Economy in U.S. Probably Grew at Slower Pace in Second Quarter
The U.S. economy probably grew in the second quarter at a slower pace, held back by the effects of federal budget cutbacks and higher taxes, economists said before a report today.
Gross domestic product, the value of all goods and services produced in the U.S., rose at a 1 percent annualized rate after a 1.8 percent gain in the previous three months, according to the median forecast of 84 economists surveyed by Bloomberg. Consumer spending, the biggest part of the economy, probably also cooled.
Job gains and rising home prices are shoring up Americans’ confidence and lifting automobile sales and production, making it likely the U.S. will pick up once government spending cuts pose less of a restraint. Federal Reserve officials, wrapping up a two-day meeting today, will evaluate the progress on growth and employment as they consider trimming monthly bond purchases.
“Fiscal tightening was a drag on growth but the bulk of it is over,” said Jim O’Sullivan, chief U.S. economist at High Frequency Economics in Valhalla, New York. “We expect the fiscal headwinds will fade significantly in the second half. It lays the ground for a fairly healthy economy.”
The Commerce Department will release the GDP figures at 8:30 a.m. in Washington. Economists’ estimates ranged from a 0.1 percent drop to a 1.8 percent increase.
Another report at 8:15 a.m. may show private employers added 180,000 workers in July following a 188,000 increase the prior month, according to the median forecast in the Bloomberg survey. The ADP Research Institute’s data, released jointly with Moody’s Analytics Inc., exclude hiring at government agencies.
Overall payroll gains, which averaged 202,000 a month in the first half of this year, indicate the economy is doing better than it appears from the readings for economic growth.
The Commerce Department will issue comprehensive revisions that could affect data back to 1929.
The Fed may begin trimming in September its $85 billion in monthly bond purchases, according to a growing number of economists surveyed by Bloomberg from July 18 to July 22. None of the 54 respondents expect the reductions to begin following the conclusion of the central bank’s meeting today.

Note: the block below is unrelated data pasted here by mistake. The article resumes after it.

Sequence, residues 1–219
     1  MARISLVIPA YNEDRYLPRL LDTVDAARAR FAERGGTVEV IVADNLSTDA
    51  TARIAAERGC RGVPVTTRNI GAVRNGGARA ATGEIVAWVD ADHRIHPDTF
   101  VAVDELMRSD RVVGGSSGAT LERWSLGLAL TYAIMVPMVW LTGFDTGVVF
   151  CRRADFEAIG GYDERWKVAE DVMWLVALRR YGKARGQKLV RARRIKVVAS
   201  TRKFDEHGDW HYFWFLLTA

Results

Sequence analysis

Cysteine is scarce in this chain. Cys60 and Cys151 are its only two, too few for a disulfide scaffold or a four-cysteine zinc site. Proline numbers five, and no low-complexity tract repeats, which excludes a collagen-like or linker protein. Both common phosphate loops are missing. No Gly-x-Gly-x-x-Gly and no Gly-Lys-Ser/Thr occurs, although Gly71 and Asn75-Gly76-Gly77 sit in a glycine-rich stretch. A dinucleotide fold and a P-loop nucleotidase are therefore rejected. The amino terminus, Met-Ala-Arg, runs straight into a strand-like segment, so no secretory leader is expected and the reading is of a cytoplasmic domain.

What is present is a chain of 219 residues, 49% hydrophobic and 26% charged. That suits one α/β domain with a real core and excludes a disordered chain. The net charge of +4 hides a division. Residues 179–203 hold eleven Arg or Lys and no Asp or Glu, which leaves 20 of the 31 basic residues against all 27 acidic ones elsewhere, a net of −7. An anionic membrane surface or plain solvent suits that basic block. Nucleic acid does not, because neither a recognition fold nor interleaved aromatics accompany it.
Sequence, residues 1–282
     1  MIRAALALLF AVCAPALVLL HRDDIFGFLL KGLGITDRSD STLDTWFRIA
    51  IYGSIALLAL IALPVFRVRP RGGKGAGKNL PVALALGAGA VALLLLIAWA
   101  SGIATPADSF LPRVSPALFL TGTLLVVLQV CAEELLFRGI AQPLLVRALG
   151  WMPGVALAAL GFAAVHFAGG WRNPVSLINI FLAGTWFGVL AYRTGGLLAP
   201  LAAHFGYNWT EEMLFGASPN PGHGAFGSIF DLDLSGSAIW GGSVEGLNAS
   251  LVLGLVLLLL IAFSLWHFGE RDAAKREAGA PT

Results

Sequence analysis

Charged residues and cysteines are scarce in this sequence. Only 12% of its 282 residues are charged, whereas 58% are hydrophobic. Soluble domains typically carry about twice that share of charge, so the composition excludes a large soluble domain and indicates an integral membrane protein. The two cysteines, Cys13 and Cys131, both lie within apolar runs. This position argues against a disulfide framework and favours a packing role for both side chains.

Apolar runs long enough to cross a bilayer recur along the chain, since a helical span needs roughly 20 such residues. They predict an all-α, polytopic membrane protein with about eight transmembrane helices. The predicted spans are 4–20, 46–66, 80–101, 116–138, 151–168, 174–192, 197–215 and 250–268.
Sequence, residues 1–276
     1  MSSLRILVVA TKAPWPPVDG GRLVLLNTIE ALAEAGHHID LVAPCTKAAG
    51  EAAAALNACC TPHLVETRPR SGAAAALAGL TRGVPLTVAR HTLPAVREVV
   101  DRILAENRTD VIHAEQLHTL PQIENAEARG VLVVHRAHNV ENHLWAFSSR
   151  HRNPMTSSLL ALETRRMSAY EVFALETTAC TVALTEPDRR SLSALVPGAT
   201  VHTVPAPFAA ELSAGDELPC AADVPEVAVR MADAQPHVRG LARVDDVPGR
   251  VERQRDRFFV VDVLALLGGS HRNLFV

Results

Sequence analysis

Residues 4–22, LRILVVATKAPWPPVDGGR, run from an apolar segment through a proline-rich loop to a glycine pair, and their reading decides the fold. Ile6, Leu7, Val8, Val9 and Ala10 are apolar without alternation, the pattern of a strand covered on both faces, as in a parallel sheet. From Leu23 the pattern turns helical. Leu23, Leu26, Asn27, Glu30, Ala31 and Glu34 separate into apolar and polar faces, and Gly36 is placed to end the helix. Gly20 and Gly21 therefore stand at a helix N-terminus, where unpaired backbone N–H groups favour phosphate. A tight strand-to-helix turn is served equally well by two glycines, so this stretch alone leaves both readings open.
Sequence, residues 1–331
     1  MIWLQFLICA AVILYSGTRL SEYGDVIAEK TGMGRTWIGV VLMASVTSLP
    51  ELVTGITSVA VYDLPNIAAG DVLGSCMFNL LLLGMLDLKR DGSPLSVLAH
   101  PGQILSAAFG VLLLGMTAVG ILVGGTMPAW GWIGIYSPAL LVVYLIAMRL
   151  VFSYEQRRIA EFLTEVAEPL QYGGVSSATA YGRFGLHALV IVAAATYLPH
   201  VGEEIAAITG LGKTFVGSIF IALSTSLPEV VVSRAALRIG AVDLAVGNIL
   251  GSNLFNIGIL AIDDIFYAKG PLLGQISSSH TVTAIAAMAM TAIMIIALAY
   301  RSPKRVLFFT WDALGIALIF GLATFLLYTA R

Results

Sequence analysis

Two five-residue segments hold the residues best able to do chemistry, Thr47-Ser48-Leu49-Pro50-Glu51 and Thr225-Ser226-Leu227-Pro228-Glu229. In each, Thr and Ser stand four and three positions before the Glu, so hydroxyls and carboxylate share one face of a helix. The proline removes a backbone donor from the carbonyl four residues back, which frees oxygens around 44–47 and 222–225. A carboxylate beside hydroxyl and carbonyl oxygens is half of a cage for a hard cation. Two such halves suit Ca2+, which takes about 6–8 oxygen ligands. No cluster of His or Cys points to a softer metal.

The Standard & Poor’s 500 (SPX) Index rose yesterday as investors weighed second-quarter earnings against the prospect for a change in Fed policy. The gauge has climbed 18.2 percent so far this year.
The GDP data may show consumer spending, which accounts for about 70 percent of the economy, grew at a 1.6 percent annualized rate from April through June, according to the Bloomberg survey median. The prior quarter’s 2.6 percent pace was the strongest since the first three months of 2011.
Some of the slowdown in consumption may have been the lingering effect of the payroll tax, which reverted to its 2010 rate of 6.2 percent in January after holding at 4.2 percent for two years, resulting in lower take-home pay.
At the same time, gains in hiring and record household wealth, that’s in large part driven by rising stock prices and home values, will support sentiment and allow Americans to sustain spending. The Bloomberg Consumer Comfort Index (COMFCOMF) matched its highest level in more than five years during the week ended July 21.
Some businesses are counting on an improvement in household spending to be reflected in growing demand at transportation companies.
“Later in the third quarter, the fourth quarter, there should be decent consumer sentiment for a strong retail season,” Eric Butler, an executive vice president at Omaha, Nebraska-based Union Pacific Corp. (UNP), the largest U.S. railroad company, said on a July 18 earnings call. “If that happens, you will need to move the business because there are not a lot of inventories out there. So that would suggest a pickup from where we are today.”
Purchases of big-ticket items such as automobiles remain a bright spot. Cars and light trucks sold at a 15.9 million annualized rate in June, the strongest since November 2007, according to figures from Ward’s Automotive Group.
The real-estate market also continues to strengthen as historically low borrowing costs drive demand and boost prices, indicating homebuilding may keep advancing. The S&P/Case-Shiller index of house values in 20 cities climbed 12.2 percent in May from a year earlier, the biggest 12-month gain since March 2006, a report showed yesterday.
United Technologies Corp. (UTX), the maker of Carrier air conditioners, Pratt & Whitney jet engines and Otis elevators, is among companies citing gains in auto sales and housing starts as reasons to expect an improvement in coming quarters.
“The economy is recovering and we are seeing strength in the leading sectors,” Gregory Hayes, chief financial officer at the Hartford, Connecticut-based company, said on a July 23 earnings call. “Talk about economic uncertainty remains, but overall, our orders position us well for growth in the second half of the year.”
Slower inventory building and weak overseas demand also may have restrained growth last quarter, economists said. As sales pick up, businesses may need to replenish stockpiles, which would provide a boost to production and hiring.
Economic confidence in the euro area improved for a third month in July, reaching the highest in 15 months, data showed yesterday, adding to signs the 17-nation currency bloc is emerging from a record-long recession.
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